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LANG 1002 - English for University Studies I : Information Sources

Periodicals as Information Sources

  • Periodicals are published at regular time periods:  daily, weekly, monthly and quarterly.
  • They include journals, magazines and newspapers.
    • Journals publish in-depth academic, scholarly research papers
    • Magazines and newspapers usually contain shorter, general interest articles. They are mostly popular and easy to understand.
  • Each periodical issue consists of a collection of articles.

Scholarly Journal


Times Magazine


New York Times

  1. Gillette, B. (2018). Artificial intelligence a game changer for the practice of law. Mississippi Business Journal, 40(24), 10-11.
  2. Bhanot, S. (2012). Use of Social Media by Companies to Reach their Customers. SIES Journal Of Management, 8(1), 47-55.
  1. Koebler, J. (2013, January). Google Glass Unlikely to Be Game Changer in 2013. U.S.News & World Report. Retrieved from
  2. Furfie, B. (2010). Is the iPad a game changerEngineering and Technology, 5(4), 34-35.
  1. Osawa, J., & Mozur, P. (2013, Oct 10). A global war of messaging apps --- china's WeChat and japan's line are spreading quickly, threatening silicon valley firms. Wall Street Journal, pp. B5.
  2. Jansen, B. (2017, Nov 17). Airport game-changer: 3-D scanners.. USA Today, pp. A.1.
Audience Scholars, researchers, students General Public General Public
Author/Writer Academics, researchers, scholars 

Qualifications or credentials of the authors usually appear near the names or in the footnote/endnote.
Reporters/journalists, freelance writers Reporters/journalists, freelance writers, general public
Publisher Professional societies, university press, commercial publishers, e.g., IEEE Commercial publishers, e.g., Time, Inc. Commercial publishers, e.g., Dow Jones & Co.
Article Length Long Usually short, half to several pages Usually short, several paragraphs
Coverage In-depth research in a specialized subject area Topics of general interest, someone who is not an expert can understand Usually current affairs, daily news, social issues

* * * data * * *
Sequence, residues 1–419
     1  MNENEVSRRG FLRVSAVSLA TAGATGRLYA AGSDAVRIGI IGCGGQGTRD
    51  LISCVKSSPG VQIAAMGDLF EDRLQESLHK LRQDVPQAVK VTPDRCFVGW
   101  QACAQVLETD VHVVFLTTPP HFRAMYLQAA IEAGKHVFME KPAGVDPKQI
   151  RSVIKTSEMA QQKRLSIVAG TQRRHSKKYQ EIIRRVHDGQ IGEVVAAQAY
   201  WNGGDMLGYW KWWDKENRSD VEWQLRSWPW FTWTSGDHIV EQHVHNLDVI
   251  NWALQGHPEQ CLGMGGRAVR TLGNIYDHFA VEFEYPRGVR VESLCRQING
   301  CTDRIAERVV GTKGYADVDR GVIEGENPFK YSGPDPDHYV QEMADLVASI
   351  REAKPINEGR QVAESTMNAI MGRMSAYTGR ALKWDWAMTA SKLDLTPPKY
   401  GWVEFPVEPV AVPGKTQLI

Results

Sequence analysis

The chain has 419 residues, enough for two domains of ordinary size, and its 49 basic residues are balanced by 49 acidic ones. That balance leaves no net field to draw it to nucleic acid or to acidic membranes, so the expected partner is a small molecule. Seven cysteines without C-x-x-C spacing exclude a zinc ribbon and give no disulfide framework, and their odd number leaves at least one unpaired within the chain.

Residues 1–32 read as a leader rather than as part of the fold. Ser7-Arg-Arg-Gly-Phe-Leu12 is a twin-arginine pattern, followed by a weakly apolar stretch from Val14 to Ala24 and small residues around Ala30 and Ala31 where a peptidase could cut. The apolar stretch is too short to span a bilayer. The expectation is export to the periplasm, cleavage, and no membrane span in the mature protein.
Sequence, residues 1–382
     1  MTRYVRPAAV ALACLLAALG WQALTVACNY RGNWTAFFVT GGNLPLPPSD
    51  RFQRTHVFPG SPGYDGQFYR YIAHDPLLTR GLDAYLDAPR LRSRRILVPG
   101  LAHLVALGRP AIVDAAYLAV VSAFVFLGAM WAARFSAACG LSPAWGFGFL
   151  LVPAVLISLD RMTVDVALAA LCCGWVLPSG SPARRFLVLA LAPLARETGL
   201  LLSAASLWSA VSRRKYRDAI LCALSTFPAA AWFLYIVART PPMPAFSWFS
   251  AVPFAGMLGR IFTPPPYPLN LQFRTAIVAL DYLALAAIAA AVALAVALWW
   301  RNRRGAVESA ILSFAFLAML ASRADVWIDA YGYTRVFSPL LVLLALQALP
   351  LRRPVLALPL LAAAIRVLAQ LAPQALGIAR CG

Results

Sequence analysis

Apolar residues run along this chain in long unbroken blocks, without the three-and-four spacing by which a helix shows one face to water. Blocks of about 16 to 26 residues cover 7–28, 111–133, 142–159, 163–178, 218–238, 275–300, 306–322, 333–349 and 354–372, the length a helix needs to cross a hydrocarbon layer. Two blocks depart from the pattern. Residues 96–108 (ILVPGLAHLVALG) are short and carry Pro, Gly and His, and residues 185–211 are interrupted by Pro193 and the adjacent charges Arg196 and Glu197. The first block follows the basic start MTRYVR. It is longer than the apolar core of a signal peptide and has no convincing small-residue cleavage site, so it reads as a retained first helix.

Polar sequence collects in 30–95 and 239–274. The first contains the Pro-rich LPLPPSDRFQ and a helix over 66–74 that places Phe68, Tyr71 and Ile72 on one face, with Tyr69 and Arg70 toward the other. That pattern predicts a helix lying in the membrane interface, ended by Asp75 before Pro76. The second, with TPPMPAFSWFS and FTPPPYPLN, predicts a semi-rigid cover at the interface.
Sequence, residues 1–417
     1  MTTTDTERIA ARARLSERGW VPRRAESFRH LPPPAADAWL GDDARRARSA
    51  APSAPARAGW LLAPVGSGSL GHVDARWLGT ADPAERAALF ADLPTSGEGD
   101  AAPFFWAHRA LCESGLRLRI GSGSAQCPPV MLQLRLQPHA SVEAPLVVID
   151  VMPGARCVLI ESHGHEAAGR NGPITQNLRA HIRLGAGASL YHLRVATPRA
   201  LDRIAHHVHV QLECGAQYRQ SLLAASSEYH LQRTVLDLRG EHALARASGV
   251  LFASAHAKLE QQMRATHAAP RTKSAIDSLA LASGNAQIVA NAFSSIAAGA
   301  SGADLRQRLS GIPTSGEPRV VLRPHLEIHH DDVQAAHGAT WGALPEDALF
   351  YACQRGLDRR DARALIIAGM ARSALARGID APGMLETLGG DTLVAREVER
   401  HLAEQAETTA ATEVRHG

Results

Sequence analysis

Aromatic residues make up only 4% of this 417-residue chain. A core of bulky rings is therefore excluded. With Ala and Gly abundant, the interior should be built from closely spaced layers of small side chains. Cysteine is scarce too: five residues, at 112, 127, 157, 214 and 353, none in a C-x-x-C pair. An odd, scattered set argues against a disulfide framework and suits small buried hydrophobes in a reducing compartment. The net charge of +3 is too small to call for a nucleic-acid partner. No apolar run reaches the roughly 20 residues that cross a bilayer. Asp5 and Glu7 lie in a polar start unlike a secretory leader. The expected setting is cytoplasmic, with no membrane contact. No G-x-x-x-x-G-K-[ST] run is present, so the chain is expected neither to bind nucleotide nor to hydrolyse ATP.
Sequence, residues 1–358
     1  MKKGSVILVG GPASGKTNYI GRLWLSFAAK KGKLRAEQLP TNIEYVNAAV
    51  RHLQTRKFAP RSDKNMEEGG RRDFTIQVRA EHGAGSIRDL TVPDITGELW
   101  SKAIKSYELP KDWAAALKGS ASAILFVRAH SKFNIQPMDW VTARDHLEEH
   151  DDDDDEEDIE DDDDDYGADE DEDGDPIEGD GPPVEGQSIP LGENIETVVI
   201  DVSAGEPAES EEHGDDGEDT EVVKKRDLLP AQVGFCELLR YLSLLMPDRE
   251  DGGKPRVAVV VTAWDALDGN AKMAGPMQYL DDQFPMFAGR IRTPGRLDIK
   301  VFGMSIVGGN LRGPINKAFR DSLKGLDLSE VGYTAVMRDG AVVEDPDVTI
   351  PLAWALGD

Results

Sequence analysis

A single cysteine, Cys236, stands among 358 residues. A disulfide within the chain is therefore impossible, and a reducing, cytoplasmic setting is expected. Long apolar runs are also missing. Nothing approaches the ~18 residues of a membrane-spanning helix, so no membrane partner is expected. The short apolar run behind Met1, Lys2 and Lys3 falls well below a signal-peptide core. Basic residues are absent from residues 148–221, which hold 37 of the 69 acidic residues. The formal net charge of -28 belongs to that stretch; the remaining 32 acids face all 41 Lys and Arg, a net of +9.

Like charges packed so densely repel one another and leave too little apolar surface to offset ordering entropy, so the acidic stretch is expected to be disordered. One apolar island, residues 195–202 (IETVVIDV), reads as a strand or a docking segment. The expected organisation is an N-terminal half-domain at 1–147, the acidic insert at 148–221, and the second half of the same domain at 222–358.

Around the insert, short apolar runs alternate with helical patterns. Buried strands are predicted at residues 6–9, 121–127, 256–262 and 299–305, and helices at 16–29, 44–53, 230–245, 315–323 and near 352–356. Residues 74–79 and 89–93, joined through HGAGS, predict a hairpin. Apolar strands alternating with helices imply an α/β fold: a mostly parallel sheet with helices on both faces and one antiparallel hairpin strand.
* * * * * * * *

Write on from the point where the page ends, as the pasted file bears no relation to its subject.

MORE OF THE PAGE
Format Structure Article title, authors and their qualifications and affiliations, abstract (article summary), research methodologies and references Article title, authors often listed Headline, authors usually not known
Statistics/Figures/Tables Primary research findings (those done by the authors) are included in charts, tables, etc. May quote statistics/figures/tables from other sources May quote statistics/figures/tables from other sources
Quality Control Contents are peer-reviewed (revised according to comments from subject experts in the field before publication) Contents approved by editors Contents approved by editors
References/Bibliography Arguments, claims and conclusions are always supported by evidence, sources consulted are listed in the end of paper reference/bibliography section May quote data from other other sources to support writing, but reference list/bibliography is usually not included May quote data from other other sources to support writing, but reference list/bibliography is usually not included


Evaluate Information Sources

Why should one evaluate information? Published information must be true, right?

  • There are many different publication channels and now almost anyone can publish opinions and data online; for examples, wikis, youtube videos, personal blogs or microblogs.
  • Just because something is published does not make it accurate or trustworthy or suitable for your needs.
  • Always evaluate the reliability, suitability and usability of a piece of information by looking at: Author, Timeliness, Content Coverage and Publication Motives

Author (Who)

  • Who is the author (there may be more than one author)?
  • Is the author's qualification or credential shown?
  • Is the author associated with a reputable institution or organization?

Timeliness (When)

  • When was the artice written/published?
  • Would the subject matter change with time? Is the most current information always the best?

Content & Coverage (What)

  • What is the main purpose of this piece of information?
  • Are the claims/conclusions/viewpoints supported by evidence?
  • Are the arguments logical?
  • How deep and wide is the topic covered: General background information? Research oriented, highly scientific and specific? Quick news report? Level of scholarship?


  • Based on the above observations, does the article provide reliable information? Is this suitable for the writing project of this course?
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